Do you mean a luxury because you have room/time for them, you don't have so many rational fears crowding you? I think there's something there, but I'm not sure how much. It's not that you stop being scared of bridges because the troll is chasing you. But it *is* a case of priorities.

People can have irrational fears while they have rational ones. But only having irrational fears can be seen as a luxury in some contexts. It doesn't make them any better though. I can't say this without seeming to belittle irrational fears, which isn't what I mean at all.

It's sort of like when my son came home from school with headlice and we all got it, and it was icky and revolting and horrible and painful and really hard to get rid of and... the norm of human history. People would have had headlice and body lice and fleas, andf no showers and no modern treatments, and maybe they were also starving and in the middle of a war. It didn't make having headlice now any nicer, but in a way it did put it into perspective that I was lucky to be able to make a fuss about it, rather than take it for granted as part of the background noise.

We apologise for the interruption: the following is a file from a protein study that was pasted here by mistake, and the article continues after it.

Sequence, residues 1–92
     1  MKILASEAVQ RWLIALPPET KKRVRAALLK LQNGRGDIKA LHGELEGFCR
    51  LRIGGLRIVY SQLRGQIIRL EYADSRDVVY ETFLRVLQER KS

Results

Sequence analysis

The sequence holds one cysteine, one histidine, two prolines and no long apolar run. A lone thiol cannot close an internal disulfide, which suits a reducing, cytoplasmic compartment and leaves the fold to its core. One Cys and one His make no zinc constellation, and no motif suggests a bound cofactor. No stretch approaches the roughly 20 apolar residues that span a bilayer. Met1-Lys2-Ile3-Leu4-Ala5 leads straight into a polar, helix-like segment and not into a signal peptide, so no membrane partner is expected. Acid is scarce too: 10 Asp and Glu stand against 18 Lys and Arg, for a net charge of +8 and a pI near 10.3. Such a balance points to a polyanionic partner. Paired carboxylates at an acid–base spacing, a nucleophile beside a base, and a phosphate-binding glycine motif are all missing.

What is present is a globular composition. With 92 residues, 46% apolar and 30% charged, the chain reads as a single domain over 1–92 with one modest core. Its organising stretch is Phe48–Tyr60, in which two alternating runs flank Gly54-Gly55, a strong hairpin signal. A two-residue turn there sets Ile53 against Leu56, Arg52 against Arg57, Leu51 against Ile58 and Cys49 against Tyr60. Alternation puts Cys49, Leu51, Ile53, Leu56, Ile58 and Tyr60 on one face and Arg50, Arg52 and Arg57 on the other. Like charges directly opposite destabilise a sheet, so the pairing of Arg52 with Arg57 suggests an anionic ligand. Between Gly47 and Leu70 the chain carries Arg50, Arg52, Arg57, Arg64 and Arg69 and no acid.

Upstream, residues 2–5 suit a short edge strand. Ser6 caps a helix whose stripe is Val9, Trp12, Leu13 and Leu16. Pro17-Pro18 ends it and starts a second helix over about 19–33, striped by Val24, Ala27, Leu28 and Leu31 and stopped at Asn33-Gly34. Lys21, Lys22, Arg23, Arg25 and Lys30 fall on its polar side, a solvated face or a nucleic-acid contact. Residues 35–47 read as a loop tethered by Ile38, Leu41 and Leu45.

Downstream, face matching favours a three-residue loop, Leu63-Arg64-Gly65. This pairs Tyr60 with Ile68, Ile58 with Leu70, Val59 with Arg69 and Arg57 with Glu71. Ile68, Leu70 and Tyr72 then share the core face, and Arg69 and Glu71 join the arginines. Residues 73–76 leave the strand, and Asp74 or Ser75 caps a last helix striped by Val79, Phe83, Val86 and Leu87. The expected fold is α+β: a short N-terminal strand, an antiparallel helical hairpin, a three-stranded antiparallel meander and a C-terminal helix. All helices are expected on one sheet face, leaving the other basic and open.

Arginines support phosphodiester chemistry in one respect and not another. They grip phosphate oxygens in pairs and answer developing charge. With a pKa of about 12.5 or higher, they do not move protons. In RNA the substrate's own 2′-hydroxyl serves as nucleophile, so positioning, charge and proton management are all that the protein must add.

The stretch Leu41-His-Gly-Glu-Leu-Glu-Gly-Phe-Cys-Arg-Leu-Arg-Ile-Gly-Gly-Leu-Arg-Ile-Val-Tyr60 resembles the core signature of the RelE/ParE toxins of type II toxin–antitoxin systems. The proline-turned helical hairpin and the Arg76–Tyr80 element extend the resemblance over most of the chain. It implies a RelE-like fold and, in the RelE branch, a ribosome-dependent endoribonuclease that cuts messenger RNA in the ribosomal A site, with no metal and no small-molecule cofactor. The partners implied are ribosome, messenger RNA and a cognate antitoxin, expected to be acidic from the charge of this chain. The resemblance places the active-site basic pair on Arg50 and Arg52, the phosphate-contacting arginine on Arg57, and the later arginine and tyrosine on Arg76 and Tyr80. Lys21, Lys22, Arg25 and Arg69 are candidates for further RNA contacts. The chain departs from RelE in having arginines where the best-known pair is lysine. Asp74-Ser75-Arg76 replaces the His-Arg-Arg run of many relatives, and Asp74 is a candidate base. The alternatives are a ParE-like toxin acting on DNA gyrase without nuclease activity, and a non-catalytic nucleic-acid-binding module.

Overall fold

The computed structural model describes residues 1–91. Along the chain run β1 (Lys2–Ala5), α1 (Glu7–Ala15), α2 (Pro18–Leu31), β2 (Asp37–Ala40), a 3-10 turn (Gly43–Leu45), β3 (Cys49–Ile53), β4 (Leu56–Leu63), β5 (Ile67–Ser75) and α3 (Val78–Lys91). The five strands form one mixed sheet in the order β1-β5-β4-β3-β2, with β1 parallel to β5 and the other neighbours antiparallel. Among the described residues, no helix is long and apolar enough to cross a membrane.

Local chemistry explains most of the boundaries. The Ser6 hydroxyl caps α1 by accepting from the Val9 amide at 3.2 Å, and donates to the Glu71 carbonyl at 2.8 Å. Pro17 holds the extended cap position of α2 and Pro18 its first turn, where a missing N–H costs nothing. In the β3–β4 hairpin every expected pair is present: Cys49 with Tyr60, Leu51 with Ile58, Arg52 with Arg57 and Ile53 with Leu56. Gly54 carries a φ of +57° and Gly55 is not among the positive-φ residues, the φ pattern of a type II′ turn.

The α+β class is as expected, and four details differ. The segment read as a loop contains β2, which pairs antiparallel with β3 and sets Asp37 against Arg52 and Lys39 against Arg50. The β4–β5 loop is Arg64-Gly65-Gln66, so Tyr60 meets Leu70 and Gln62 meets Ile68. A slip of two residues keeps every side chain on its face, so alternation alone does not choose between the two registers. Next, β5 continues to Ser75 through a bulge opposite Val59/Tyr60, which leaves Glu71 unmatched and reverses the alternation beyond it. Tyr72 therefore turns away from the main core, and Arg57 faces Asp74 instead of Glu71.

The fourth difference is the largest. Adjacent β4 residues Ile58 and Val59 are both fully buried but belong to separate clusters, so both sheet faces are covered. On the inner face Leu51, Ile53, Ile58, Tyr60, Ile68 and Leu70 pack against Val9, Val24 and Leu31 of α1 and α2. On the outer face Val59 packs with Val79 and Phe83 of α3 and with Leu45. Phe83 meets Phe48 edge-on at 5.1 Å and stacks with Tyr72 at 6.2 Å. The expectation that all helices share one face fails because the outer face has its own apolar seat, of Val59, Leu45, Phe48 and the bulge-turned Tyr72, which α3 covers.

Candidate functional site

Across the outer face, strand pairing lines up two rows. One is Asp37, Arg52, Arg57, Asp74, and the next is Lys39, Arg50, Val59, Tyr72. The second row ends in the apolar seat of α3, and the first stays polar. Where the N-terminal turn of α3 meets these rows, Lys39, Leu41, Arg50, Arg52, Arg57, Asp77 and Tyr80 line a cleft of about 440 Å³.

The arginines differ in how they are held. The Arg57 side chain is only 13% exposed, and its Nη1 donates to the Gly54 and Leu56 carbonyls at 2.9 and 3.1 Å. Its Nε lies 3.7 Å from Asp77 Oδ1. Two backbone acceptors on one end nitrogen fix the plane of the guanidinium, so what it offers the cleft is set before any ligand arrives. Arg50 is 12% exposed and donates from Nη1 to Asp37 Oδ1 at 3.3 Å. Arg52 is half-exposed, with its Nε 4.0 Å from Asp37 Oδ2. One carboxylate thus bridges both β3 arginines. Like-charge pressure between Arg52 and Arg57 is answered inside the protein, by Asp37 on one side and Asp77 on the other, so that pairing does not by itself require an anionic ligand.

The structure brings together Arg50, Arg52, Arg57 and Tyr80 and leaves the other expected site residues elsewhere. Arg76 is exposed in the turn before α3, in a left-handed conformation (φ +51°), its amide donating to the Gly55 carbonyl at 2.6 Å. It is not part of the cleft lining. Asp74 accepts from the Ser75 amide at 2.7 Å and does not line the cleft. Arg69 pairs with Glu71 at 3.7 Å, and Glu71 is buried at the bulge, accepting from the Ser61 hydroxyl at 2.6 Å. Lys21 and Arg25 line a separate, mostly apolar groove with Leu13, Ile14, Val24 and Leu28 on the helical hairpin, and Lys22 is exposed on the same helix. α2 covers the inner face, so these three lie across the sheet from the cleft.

I think irrational fears are that kind of luxury.

Papersky (bluejo@vif.com)
Oct. 24th, 2002 01:43 pm (UTC)
irrational fears
papersky!!! *bounce*.

yes, that's pretty much how i feel about irrational fears for myself, probably because i don't recall having any when my life was mostly about surviving day to day. my fears, then, were rational.

and i do mean to belittle irrational fears, again, for myself. i don't want to have any, and when i do, i work to get rid of them.
Oct. 24th, 2002 01:47 pm (UTC)
Re: irrational fears